New York City was first with it’s No-Idling laws, but the UK, it seems, won’t settle for #2.
Unless of course it’s the #2 (Human waste) that just happens to be fueling the first-of-its-kind city bus. The 40-seater Bio-Bus runs on fuel generated from treated sewage and food waste and helps improve urban air quality as it produces fewer emissions than traditional diesel engines. The bus can travel up to 200 miles on a full tank of gas generated at Bristol sewage treatment works – a plant run by GENeco, a subsidiary of Wessex Water. Up to 10,000 passengers are expected to travel on the Bio-Bus each month.
It’s not petrol, bio-diesel or natural gas. It’s Biomethane, and can even be used to power up to 8,500 homes, and although the bus’s graphics seem to imply it’s a moving shitter, the fuel is actually a product of Bristol sewage treatment, which treats around 75 million cubic meters of sewage waste and 35,000 tons of food waste through a process known as anaerobic digestion. The waste is collected from households, supermarkets and food manufacturers every year.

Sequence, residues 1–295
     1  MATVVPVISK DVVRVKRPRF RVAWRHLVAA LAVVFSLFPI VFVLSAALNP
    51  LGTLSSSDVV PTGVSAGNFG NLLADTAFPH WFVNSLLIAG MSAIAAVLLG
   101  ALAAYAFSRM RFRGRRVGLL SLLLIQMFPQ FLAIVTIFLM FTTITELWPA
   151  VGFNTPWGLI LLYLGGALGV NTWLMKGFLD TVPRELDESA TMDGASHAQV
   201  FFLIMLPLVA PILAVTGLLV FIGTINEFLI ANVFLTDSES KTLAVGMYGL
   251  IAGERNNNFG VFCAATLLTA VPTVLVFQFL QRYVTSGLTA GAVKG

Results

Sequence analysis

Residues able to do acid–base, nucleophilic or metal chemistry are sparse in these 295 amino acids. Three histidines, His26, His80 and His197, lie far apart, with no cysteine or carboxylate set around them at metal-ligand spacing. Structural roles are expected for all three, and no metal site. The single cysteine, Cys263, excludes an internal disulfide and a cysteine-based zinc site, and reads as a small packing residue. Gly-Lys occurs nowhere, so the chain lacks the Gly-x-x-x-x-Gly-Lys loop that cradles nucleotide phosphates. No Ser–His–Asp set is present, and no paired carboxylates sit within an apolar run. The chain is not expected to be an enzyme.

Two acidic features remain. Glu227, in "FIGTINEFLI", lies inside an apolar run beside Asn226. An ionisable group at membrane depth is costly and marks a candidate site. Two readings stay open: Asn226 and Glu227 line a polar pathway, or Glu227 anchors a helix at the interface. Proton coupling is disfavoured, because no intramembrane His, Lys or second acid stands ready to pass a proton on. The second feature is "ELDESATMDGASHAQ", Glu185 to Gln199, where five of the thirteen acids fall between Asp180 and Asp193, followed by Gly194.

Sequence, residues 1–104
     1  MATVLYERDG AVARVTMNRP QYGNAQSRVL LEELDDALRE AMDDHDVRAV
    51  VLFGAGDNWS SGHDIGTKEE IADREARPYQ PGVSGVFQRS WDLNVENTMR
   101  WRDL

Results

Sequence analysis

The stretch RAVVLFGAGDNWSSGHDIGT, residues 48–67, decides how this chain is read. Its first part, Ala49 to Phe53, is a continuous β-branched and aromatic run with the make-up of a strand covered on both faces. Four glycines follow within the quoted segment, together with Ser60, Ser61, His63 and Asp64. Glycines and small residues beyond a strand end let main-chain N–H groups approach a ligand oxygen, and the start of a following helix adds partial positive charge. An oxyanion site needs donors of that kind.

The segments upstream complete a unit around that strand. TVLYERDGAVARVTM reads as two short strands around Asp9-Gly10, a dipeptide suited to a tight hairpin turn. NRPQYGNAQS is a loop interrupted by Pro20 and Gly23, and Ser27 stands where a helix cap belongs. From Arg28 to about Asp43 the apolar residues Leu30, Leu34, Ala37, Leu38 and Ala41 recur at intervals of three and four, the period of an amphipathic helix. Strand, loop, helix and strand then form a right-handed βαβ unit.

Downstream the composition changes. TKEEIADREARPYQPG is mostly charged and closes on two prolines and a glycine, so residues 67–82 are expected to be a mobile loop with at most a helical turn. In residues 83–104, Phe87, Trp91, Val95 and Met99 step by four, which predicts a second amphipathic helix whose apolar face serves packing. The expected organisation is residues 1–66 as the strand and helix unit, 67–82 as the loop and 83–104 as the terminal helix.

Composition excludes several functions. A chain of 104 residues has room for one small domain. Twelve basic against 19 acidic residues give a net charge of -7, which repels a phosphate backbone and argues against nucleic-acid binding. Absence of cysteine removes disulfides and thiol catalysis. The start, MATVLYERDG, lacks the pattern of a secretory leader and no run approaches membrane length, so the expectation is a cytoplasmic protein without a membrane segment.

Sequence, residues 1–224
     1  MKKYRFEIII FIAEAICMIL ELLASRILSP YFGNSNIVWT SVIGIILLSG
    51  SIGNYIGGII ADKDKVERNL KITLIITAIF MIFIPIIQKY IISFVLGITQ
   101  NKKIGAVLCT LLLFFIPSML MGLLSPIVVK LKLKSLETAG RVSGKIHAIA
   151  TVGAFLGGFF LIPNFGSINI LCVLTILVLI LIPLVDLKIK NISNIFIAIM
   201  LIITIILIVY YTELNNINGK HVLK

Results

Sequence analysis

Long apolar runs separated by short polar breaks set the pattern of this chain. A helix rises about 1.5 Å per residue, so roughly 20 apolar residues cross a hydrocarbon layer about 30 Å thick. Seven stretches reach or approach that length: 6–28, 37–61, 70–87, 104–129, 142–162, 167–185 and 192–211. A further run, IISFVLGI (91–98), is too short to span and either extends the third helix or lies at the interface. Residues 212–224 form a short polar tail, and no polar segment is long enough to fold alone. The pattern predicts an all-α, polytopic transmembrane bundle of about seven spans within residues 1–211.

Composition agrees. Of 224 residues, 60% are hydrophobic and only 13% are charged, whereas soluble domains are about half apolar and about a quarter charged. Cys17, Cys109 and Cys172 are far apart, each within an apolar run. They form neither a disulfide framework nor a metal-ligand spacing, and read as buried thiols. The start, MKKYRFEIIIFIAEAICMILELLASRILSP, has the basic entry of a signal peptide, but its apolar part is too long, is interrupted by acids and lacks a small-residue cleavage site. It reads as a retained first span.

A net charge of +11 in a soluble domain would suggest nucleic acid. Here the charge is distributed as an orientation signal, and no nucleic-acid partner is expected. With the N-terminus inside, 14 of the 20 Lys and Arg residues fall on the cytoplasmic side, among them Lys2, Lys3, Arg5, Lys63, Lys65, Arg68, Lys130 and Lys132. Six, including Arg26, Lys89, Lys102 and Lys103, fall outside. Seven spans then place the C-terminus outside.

“GENeco Bio-Bus is an excellent demonstration of biomethane’s unique benefits; decarbonizing areas other renewables can’t reach,” says Charlotte Morton, chief executive of the Anaerobic Digestion & Bioresources Association (@adbioresources). “A home-generated green gas, biomethane is capable of replacing around 10% of the UKs domestic gas needs and is currently the only renewable fuel available for HGVs.
Although the Bio-Bus is new, in 2010, GENeco powered a car on biomethane produced during the sewage treatment process. The Bio-Bug was used in various trials to see how viable it was to power a vehicle on sewage gas.